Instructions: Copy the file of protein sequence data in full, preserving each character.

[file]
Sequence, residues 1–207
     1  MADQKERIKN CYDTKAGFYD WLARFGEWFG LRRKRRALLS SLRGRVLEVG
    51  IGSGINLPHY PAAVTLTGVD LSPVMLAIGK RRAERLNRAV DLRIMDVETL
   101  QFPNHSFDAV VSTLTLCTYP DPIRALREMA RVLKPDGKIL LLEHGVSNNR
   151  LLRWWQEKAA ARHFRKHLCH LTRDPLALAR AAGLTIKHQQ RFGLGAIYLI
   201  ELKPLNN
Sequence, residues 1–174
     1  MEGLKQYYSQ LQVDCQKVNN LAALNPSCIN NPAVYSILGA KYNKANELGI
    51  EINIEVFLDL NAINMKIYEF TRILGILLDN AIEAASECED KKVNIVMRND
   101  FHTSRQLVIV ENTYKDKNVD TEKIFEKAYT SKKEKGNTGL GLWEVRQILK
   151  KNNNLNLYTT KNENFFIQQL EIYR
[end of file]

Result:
Sequence, residues 1–207
     1  MADQKERIKN CYDTKAGFYD WLARFGEWFG LRRKRRALLS SLRGRVLEVG
    51  IGSGINLPHY PAAVTLTGVD LSPVMLAIGK RRAERLNRAV DLRIMDVETL
   101  QFPNHSFDAV VSTLTLCTYP DPIRALREMA RVLKPDGKIL LLEHGVSNNR
   151  LLRWWQEKAA ARHFRKHLCH LTRDPLALAR AAGLTIKHQQ RFGLGAIYLI
   201  ELKPLNN
Sequence, residues 1–174
     1  MEGLKQYYSQ LQVDCQKVNN LAALNPSCIN NPAVYSILGA KYNKANELGI
    51  EINIEVFLDL NAINMKIYEF TRILGILLDN AIEAASECED KKVNIVMRND
   101  FHTSRQLVIV ENTYKDKNVD TEKIFEKAYT SKKEKGNTGL GLWEVRQILK
   151  KNNNLNLYTT KNENFFIQQL EIYR